Committee on Mediterranean Forestry Questions - Silva Mediterranea

Forest genetic resources


The working group (WG) on forest genetic resources (FGR) is led by Italy. The WG was revived in 2008 at the Twentieth Session of the Committee in Sofia as the continuation of the research network established in 1987 at the Thirteenth Session of the Committee in Zaragoza.

In the early 1970s, many initiatives were launched by the various states of the Mediterranean basin regarding the exchange of forest seeds and the establishment of plantations to compare species, provenances and progeny. Such initiatives sought to identify the sources of the seed most suited to local environmental conditions and increase the success of reforestation and forest and environmental regeneration by the choice of appropriate species and provenances.

In 2002, many trials on Mediterranean species (pines, cedars, firs and cypresses) were established under a joint initiative of Silva Mediterranea and the International Union of Forest Research Organizations (IUFRO). Currently, the working group is supporting the IUFRO task force "Strengthening Mediterranean Nursery Systems for Forest Reproductive Material Procurement to Adapt to the Effects of Climate Change" with the general objective of establishing a regional strategy for conservation and sustainable management of FGR, for which it is necessary to:

  • enable Mediterranean countries to develop FGR conservation and management systems in accordance with European Union directives for the Organization for Economic Co-operation and Development scheme; and
  • strengthen technical skills in the monitoring and management of forest reproductive material to keep its genetic variability intact and use it appropriately throughout the nursery supply chain as well as on plantation sites. 


The WG deals with the management and valorization of FGR in the Mediterranean region through a shared approach among countries to better cope with the threats to forest biodiversity deriving from climate change.

Genetic diversity provides the fundamental basis for the evolution of forest tree species and their ability to adapt to changes. Conserving FGR is therefore vital, as they are a unique and irreplaceable resource for the future.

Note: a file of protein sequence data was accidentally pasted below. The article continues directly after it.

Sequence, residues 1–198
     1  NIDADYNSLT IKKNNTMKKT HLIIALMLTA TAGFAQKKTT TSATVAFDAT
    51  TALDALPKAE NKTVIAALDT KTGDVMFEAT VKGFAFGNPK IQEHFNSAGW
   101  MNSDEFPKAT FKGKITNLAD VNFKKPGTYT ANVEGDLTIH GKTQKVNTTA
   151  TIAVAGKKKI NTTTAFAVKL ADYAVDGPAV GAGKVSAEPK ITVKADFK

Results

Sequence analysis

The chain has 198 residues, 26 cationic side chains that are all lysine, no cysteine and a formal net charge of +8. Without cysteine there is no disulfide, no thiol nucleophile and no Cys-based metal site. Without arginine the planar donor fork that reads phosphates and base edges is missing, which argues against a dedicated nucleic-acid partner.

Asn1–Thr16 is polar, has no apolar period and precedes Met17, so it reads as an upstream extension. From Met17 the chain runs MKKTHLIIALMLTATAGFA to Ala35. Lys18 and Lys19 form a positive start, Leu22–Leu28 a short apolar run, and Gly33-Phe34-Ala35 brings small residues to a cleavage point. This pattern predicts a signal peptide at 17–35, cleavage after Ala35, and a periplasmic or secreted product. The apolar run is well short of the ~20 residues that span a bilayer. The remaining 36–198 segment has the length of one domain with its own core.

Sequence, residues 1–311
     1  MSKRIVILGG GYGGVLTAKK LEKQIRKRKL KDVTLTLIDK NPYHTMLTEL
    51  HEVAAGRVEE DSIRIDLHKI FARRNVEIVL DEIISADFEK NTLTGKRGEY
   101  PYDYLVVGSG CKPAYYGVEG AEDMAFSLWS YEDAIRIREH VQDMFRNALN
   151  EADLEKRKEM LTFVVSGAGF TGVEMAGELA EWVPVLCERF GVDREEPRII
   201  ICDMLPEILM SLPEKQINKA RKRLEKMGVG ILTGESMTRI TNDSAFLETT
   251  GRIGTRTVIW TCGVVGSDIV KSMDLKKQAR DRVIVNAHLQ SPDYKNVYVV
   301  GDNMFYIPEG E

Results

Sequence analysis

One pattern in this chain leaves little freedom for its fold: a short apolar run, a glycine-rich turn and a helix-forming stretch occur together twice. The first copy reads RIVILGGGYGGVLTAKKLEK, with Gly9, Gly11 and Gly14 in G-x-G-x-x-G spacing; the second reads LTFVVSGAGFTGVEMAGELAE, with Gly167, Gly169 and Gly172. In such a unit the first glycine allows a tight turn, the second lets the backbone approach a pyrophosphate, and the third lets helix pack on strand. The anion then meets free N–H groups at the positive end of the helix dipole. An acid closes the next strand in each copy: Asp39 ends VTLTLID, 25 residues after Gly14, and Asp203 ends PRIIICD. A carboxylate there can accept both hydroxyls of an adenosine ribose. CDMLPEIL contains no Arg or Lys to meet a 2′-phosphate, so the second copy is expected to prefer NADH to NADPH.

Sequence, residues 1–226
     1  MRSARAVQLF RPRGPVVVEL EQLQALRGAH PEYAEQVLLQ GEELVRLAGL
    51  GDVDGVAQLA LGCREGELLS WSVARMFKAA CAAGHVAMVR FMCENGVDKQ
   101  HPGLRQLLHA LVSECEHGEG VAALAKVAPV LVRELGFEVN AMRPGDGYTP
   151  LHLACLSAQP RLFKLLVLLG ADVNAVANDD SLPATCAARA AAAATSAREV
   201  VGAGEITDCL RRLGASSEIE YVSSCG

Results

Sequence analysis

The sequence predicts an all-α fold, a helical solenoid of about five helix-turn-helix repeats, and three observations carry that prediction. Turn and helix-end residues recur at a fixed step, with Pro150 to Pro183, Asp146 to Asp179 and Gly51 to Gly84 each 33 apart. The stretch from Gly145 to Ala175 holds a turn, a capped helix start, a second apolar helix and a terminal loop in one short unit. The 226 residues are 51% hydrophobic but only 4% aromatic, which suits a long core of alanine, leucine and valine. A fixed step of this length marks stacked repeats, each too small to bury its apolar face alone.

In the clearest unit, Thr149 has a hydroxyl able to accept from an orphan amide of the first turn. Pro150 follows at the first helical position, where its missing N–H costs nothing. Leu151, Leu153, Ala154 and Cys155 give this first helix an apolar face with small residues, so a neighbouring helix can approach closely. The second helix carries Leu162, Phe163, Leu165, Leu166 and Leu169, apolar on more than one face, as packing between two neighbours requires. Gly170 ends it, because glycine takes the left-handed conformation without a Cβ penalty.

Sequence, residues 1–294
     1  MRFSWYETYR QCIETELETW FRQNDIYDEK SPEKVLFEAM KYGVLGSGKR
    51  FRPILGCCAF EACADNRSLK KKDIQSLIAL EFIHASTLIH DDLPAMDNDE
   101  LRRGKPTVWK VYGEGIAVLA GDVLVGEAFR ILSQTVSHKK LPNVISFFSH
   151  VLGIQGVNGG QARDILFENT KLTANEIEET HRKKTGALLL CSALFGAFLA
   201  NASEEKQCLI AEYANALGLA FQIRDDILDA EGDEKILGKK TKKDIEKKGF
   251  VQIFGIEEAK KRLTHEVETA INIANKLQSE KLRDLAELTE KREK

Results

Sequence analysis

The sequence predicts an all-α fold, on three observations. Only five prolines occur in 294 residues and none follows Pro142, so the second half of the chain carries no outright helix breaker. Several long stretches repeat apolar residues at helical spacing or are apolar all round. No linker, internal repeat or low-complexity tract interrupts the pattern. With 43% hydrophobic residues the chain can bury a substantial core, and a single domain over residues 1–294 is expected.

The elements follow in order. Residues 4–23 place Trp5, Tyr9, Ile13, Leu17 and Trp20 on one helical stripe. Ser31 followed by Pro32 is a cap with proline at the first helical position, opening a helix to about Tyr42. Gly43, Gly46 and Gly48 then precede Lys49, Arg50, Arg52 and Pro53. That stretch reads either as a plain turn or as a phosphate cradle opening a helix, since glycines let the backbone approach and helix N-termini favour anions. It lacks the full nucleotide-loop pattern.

Forest genetic resources management can be effective only if treated as an integral element of overall sustainable forest management. Conservation concerns should be integrated into broader national and local development programmes, such as national forest programmes, rural development plans and poverty reduction strategies, which promote cooperation across sectors. However, a lack of information limits the capacity of states and the international community to integrate FGR management into overall fundamental policies. It is recognized that reliable general data on forest status and trends is of great importance to the efficient management of FGR. Forest-related information, however, largely refers to general forest resources rather than to forest diversity and variation. The availability of current and specific information on the status and trends in FGR is woefully inadequate, although some progress has been made at the national and sub-regional levels in the past decade.

  • to discuss the role of forest genetic resources and diversity in adaptation to climate change, with special reference to the Mediterranean region (where woodlands and rangelands are considered together with forest ecosystems);
  • to consider the incorporation of conservation and management concerns of forest genetic resources into national strategies to address climate change;
  • to identify research and training needs in forest genetic resources management in the context of climate change in the Mediterranean region; and
  • to assess the availability of forest genetic resources information and prepare for Mediterranean contribution to the first State of the World’s Forest Genetic Resources report.
@Pilar Valbuena
@Pilar Valbuena
@Pilar Valbuena